• James Kunovski

1920s Best Picture Winners: Reviewed

Three films, or two if we’re being technical were awarded the Academy’s top bill in the 1920s, a decade which saw the end of the silent era and the beginning of an unsteady but sure time for sound. In their limited span, these films, two classics, the other not so much, roused the interests of the new Academy’s wishes, cemented themselves in Hollywood legacy and laid the groundwork for Best Pictures to come.



Wings, 1927 (1st Academy Awards)

directed by William A. Wellman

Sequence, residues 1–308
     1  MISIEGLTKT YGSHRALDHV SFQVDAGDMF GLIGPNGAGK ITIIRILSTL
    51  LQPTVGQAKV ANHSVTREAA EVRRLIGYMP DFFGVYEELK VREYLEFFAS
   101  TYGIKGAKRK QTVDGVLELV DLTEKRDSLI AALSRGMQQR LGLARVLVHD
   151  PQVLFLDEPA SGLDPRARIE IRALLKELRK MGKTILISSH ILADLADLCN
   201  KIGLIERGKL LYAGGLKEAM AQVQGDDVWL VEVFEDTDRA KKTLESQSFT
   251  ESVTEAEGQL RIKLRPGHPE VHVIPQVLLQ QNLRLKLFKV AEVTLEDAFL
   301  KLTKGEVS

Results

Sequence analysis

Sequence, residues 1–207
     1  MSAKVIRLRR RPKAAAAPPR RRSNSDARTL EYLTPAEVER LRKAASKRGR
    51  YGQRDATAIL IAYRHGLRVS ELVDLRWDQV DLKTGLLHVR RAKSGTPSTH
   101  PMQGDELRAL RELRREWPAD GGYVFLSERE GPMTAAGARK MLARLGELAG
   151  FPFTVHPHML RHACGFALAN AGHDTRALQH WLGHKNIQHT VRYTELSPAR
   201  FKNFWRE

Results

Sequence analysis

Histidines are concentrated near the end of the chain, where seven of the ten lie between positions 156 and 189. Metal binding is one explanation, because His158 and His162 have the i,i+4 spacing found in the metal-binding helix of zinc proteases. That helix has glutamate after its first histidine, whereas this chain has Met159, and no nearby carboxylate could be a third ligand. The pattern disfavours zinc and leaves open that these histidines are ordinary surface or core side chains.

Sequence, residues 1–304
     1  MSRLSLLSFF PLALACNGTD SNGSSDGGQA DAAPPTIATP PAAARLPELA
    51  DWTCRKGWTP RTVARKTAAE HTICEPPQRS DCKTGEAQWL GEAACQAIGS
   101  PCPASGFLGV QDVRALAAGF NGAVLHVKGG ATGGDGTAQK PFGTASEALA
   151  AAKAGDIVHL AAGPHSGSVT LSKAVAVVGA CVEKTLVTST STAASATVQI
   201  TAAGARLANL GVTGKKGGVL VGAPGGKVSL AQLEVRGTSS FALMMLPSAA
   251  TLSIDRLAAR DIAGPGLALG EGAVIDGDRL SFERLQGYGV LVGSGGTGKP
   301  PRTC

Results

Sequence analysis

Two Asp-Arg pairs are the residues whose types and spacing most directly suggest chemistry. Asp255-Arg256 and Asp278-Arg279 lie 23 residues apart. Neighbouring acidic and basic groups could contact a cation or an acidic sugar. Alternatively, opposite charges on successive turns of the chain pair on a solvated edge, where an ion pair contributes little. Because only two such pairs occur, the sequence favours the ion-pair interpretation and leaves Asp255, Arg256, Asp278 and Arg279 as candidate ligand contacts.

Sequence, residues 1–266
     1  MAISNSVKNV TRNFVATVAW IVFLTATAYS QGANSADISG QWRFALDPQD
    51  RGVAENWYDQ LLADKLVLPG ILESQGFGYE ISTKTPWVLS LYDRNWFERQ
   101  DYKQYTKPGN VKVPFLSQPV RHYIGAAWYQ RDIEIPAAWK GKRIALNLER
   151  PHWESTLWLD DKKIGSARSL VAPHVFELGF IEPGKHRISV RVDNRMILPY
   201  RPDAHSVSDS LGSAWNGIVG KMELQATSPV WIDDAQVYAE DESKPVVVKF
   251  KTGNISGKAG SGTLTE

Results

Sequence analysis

Setting out to watch the Academy’s crème de la crème, especially when the cream is sometimes spoiled, is a daunting task, so you could imagine my relief when the first Best Picture winner turned out to be a solid watch; a film suspended by a deceivingly simple tale, brimming with imaginative and revolutionary visuals. Wings tells the story of two small town rivals turned World War I fighter pilots, Jack Powell (Charles “Buddy” Rogers) and David Armstrong (Richard Arlen) who vie for the courting of Mary Preston (silent icon Clara Bow). Lauded upon its release and noted for its extraneous and remarkable aerial feats, Variety wrote in its original review, “Irrespective of the wave of interest in aviation that is currently sweeping the world, add Wings to the list because its flying is vital.” Strip away its vivacious energy, and you are left with a highlight reel courtesy of Wellman and his company’s prowess — the dogfight sequences, the swing scene, that emotional kiss, the pioneering café dolly shot and an etched reference for future stunt-work.